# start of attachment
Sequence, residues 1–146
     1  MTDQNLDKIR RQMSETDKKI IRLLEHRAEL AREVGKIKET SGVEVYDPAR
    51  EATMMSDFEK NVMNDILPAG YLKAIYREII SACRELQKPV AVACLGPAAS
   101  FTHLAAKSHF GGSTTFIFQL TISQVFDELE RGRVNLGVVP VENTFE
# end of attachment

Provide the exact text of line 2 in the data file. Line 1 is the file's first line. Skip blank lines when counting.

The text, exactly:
     1  MTDQNLDKIR RQMSETDKKI IRLLEHRAEL AREVGKIKET SGVEVYDPAR